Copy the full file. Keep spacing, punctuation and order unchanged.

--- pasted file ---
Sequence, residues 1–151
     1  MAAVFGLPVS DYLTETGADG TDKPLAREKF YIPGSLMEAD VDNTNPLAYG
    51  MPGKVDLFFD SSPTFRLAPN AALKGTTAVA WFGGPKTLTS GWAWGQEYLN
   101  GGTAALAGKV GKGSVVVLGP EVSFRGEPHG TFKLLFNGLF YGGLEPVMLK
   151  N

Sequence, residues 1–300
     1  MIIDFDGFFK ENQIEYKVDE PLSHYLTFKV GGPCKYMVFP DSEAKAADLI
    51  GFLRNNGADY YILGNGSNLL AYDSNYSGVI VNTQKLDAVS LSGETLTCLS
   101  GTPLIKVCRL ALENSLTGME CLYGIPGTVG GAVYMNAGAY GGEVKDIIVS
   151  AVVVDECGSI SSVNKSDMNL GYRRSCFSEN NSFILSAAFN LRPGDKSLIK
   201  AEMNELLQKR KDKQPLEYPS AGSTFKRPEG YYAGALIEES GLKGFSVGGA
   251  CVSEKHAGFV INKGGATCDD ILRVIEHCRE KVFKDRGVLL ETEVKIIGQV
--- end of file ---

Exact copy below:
Sequence, residues 1–151
     1  MAAVFGLPVS DYLTETGADG TDKPLAREKF YIPGSLMEAD VDNTNPLAYG
    51  MPGKVDLFFD SSPTFRLAPN AALKGTTAVA WFGGPKTLTS GWAWGQEYLN
   101  GGTAALAGKV GKGSVVVLGP EVSFRGEPHG TFKLLFNGLF YGGLEPVMLK
   151  N

Sequence, residues 1–300
     1  MIIDFDGFFK ENQIEYKVDE PLSHYLTFKV GGPCKYMVFP DSEAKAADLI
    51  GFLRNNGADY YILGNGSNLL AYDSNYSGVI VNTQKLDAVS LSGETLTCLS
   101  GTPLIKVCRL ALENSLTGME CLYGIPGTVG GAVYMNAGAY GGEVKDIIVS
   151  AVVVDECGSI SSVNKSDMNL GYRRSCFSEN NSFILSAAFN LRPGDKSLIK
   201  AEMNELLQKR KDKQPLEYPS AGSTFKRPEG YYAGALIEES GLKGFSVGGA
   251  CVSEKHAGFV INKGGATCDD ILRVIEHCRE KVFKDRGVLL ETEVKIIGQV